In 2018, the Brick Store Museum opened the Patsy Bauman Contemporary Gallery, with generous support from the Bauman Family Foundation. It is located in the Brick Store Museum Program Center. The gallery provides space for contemporary Maine artists to share their work with the community, and is open seasonally from May through December. Each exhibit runs 5-6 weeks, so there is always something new to see!
Special Anniversary Exhibit: The Fire of 1947
The Bauman Gallery, typically home to contemporary exhibitions, now presents a special feature for Fall 2022: a look back at the Fire of 1947.
The exhibition features photographs, oral histories and first-hand accounts, a vintage film about the fires and an incredible quilt telling the stories of those impacted by one of the worst natural disasters in Maine’s history.
The show will be on view through Fall 2022.
Can’t make it to the exhibit? Visit our Digital Learning Center to hear a recorded lecture on the Fire.
The Brick Store Museum works with community members to make new ideas, traditions and knowledge available to the public. Thanks to the partnership of Khmer families in Kennebunk, the Museum welcomes Cambodian ceramic artist Yary Livan, with an exhibition of his traditional ceramics.
Livan is one of only three known Master Ceramists to have survived the 1975 Khmer Rouge Genocide, and the only one known to be living in the United States.
Kate Cheney Chappell
The art Kate has made since the millennium reflects the dislocation of animals and humans we are experiencing, through migration, war, and the rapid degradation of our environment.
Today, more than ever, she witnesses the tears in the fragile web of life we share with all plants and animals in the natural world.
She hopes her work opens people to the beauty and integrity in these interdependent connections we are losing every day.
Peggy Johnson: A Jeweler’s Life
Maine jewelry artist Peggy Johnson died in August of 2020 on Munjoy Hill in Portland. She had lived in that neighborhood for the last two decades but began her jewelry career in the 1970’s in Philadelphia. The arc of her more than three decades-long career was spent creating both original production and one of a kind pieces. Those years saw many manufacturing innovations that she employed to make her work. The Museum exhibition will trace not only Peggy’s individual creative path but also celebrate the way in which contemporary jewelers and metalsmiths continue to integrate handmade work and new technological developments within the field to survive and thrive into the 21st century.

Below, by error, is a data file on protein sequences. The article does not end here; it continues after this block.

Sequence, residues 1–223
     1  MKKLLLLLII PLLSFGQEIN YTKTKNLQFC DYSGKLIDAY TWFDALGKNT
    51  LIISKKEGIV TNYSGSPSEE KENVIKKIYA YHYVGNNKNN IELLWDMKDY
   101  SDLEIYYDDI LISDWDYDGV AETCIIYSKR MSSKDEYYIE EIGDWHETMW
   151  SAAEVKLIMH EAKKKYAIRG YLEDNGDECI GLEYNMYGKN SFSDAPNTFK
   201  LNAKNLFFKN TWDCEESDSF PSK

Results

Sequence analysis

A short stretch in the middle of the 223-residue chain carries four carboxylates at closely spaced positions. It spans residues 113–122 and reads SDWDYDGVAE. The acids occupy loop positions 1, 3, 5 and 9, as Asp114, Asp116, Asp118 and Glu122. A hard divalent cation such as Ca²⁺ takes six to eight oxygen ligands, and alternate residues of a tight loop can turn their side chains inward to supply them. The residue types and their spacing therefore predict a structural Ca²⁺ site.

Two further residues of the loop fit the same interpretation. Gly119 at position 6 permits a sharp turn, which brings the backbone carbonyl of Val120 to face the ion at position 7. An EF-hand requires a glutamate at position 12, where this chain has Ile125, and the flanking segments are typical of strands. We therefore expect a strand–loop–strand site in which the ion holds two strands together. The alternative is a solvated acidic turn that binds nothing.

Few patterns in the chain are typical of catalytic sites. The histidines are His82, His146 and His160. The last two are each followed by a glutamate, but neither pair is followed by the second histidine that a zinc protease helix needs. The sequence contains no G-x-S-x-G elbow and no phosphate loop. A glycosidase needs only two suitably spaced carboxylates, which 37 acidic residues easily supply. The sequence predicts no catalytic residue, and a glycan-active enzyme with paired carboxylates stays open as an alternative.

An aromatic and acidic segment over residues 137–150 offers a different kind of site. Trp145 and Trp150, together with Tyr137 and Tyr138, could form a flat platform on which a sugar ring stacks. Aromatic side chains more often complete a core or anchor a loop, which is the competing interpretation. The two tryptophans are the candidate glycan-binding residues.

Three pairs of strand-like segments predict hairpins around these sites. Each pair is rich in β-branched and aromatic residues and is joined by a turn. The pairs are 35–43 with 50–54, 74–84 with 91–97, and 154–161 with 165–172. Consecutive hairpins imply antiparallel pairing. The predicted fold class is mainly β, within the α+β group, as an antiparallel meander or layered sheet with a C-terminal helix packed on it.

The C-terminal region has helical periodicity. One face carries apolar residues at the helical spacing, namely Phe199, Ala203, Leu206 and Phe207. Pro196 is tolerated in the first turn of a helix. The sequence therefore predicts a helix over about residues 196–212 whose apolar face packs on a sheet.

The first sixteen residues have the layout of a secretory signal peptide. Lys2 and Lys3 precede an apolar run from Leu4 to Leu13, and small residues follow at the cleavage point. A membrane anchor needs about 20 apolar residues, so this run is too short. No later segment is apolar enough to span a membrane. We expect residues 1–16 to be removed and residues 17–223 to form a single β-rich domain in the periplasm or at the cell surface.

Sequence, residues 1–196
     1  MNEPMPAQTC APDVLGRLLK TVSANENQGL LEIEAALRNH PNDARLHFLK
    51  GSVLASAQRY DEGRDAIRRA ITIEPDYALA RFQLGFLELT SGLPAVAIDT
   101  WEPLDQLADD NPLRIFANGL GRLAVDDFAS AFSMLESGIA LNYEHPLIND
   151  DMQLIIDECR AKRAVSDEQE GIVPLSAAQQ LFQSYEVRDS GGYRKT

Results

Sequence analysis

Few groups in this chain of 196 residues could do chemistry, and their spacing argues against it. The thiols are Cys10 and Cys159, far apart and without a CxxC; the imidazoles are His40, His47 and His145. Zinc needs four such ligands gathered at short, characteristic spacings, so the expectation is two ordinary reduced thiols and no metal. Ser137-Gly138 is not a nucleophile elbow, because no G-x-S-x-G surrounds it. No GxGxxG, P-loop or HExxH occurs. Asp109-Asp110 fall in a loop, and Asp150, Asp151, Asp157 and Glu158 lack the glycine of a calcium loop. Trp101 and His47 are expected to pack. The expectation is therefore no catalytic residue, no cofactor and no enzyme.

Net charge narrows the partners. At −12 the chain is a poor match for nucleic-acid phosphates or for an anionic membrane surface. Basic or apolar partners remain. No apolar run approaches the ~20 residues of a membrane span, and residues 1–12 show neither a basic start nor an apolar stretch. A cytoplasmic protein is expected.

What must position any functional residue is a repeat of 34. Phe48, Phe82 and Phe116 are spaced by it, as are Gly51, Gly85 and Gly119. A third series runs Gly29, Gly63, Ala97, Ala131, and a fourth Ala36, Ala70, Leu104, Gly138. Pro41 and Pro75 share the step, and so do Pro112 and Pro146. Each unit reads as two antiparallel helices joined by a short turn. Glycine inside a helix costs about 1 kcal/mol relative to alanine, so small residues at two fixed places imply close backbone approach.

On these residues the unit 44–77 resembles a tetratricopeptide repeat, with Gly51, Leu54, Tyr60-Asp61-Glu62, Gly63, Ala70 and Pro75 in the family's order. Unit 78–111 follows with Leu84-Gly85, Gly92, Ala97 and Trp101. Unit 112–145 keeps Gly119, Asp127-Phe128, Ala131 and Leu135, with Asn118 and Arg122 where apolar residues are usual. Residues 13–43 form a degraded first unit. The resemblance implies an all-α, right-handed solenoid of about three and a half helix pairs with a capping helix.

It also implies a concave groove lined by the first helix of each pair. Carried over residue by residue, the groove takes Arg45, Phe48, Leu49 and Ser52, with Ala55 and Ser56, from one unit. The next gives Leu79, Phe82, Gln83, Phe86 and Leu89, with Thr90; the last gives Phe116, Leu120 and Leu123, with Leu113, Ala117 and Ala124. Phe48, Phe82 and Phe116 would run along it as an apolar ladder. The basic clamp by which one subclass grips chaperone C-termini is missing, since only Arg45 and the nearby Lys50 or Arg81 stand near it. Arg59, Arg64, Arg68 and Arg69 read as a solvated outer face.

Caleb Cole: Remains
The word remains may suggest death, destruction, or long forsaken relics, but it can also represent that which persists, conjuring images of resilience and survival. Caleb Cole uses secondhand items such as found snapshots, vintage magazines, and thrifted clothing to create new photographs, collages, and sculptures that address the absences of history.
This exhibition brings together over a decade of Cole’s work that focuses on connection, community, and memory, spanning themes as broad as group belonging, military service, violence against transpeople, and collective cultural losses from the AIDS epidemic. Cole’s art centers that which is unknowable about the people and events of the past, not only to mourn and bear witness to those losses, but in an attempt to provide for who and what remains.
George Longfish (Seneca/Tuscarora) has been instrumental in shaping the field of contemporary Native American art for over forty years. He was raised on the Iroquois Indian reservation in Ontario, Canada, before moving to Chicago, Illinois. He received his BA and MA at the Art Institute of Chicago. He served as a professor in the Native American Studies Department at the University of California, Davis, for 30 years.
He now lives and works in Maine.
Longfish’s art draws on a sense of honor that allows truth to be pulled from all directions and the spirit to emerge from within the work in a way that heals the very wound it addresses. The Brick Store Museum is honored to exhibit a selection of his artwork.
- “New Mainers, Portraits of our Immigrant Neighbors”: Photographs by Jan Pieter van Voorst van Beest
- The Photography of Tony King
- John Bryan Woodworking & Sculpture
- Christina Record, 3D cut paper
- Ken Fellows, oil
- Dianna Anderson, oil
- Art Guild of the Kennebunks
- DUAL SHOW: Rosalind Fedeli & Susan Barrett Merrill, mixed media
- Mark Alesse, photography
About the Patsy Bauman Gallery
The Patsy Bauman Gallery offers artists the opportunity to display their work in a professional environment. We invite Maine artists and Maine arts organizations to submit an information sheet to the Brick Store Museum for exhibit consideration. Please find a digital version on this page, or pick up a physical copy at the Museum’s front desk.
Please read the included directions and information before calling the Museum, as they may be answered on this site.